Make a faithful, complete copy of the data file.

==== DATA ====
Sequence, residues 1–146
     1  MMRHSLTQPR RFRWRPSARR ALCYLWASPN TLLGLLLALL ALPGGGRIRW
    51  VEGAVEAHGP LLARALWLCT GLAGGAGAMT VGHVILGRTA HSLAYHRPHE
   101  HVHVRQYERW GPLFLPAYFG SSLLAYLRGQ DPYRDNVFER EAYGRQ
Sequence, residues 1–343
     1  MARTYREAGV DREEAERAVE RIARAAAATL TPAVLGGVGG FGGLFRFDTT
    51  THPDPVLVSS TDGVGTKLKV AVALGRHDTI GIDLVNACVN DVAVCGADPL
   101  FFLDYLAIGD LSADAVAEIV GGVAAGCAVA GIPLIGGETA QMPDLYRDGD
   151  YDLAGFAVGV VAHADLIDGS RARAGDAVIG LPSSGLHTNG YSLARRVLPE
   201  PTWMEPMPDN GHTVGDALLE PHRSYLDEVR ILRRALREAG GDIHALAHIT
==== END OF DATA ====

Sequence, residues 1–146
     1  MMRHSLTQPR RFRWRPSARR ALCYLWASPN TLLGLLLALL ALPGGGRIRW
    51  VEGAVEAHGP LLARALWLCT GLAGGAGAMT VGHVILGRTA HSLAYHRPHE
   101  HVHVRQYERW GPLFLPAYFG SSLLAYLRGQ DPYRDNVFER EAYGRQ
Sequence, residues 1–343
     1  MARTYREAGV DREEAERAVE RIARAAAATL TPAVLGGVGG FGGLFRFDTT
    51  THPDPVLVSS TDGVGTKLKV AVALGRHDTI GIDLVNACVN DVAVCGADPL
   101  FFLDYLAIGD LSADAVAEIV GGVAAGCAVA GIPLIGGETA QMPDLYRDGD
   151  YDLAGFAVGV VAHADLIDGS RARAGDAVIG LPSSGLHTNG YSLARRVLPE
   201  PTWMEPMPDN GHTVGDALLE PHRSYLDEVR ILRRALREAG GDIHALAHIT